When you’re close to a black hole, you’re more worried about the tidal stress than the event horizon. The tidal stress on the leading edge of the object is so much greater than the force on the trailing edge that you’d be pulled apart–spagghettified.

You can find the radius for a black hole’s event horizon by calculating R = 2GM/C^2… that’s not huge. You have to get really close to a black hole before you reach the event horizon. You’re going to be pulled apart way before that happens, even with a hull made of (fictional metal).

Artificial gravity: All TV shows have artificial gravity because it’s too hard and expensive to simulate not having it.

There are ways to pretend you have artificial gravity. Let’s say we could create an artificial gravity generator. Gravity, as we note, is a radial force. So if you had a spherical ship with spherical decks, you’d be fine, but if you had just the one gravity generator in the ship, you’d be all on the walls.

Well, it’s always easier to miniaturize than to innovate. So say we have small gravity generators. So small we can put them in the floor. Say they’re down the center line of all your hallways. What do you get? A gravity field radiating cylindrically. So if your flow is bowed, you’re good. So your hallways in your spacecraft might be shaped like flared cylinders. (Wish I had diagrams for this.)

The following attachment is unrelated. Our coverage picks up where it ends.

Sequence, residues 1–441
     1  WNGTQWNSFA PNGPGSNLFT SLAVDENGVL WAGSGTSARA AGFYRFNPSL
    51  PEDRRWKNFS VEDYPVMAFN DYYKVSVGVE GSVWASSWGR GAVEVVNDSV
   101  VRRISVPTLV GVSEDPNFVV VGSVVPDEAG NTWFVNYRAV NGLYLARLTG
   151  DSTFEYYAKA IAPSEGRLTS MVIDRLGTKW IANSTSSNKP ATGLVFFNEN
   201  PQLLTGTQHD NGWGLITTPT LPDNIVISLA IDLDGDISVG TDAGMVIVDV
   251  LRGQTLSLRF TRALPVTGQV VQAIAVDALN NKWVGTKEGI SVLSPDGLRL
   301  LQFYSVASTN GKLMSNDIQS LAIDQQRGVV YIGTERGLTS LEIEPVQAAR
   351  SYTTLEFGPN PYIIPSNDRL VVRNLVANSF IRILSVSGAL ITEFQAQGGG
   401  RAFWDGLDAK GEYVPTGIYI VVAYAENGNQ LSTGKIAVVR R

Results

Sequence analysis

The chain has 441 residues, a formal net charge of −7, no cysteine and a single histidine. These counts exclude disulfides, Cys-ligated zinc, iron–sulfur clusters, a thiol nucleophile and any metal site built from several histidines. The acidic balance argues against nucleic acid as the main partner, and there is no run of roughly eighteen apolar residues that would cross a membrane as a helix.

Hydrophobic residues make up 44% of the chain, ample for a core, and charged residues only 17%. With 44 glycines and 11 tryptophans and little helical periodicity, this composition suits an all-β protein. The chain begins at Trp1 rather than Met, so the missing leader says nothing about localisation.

What if you put the fields down as grids? That’s what you’d have to do. BUT… what do the people in the floor below do? The floor below, you’d be stuck on the ceiling. This still gets complicated.

Ian: So they need gravity blockers to put in the ceilings.

When you think about the complexities of artificial gravity, you could use shoes with clips in them to clamp and unclamp, that would know when to turn on and turn off magnetic fields… smart shoes could approximate artificial gravity much more readily than something embedded in the floor.

Weaponry: Directed energy weapon is usually the weapon of choice in scifi. Directed energy is energy directed at somebody, and the absorption of that energy heats it up and it goes boom, or a hole burns through it and their air is vented. That’s something that’s interesting in space warfare where the kill criterion might be much lower–just vent their air.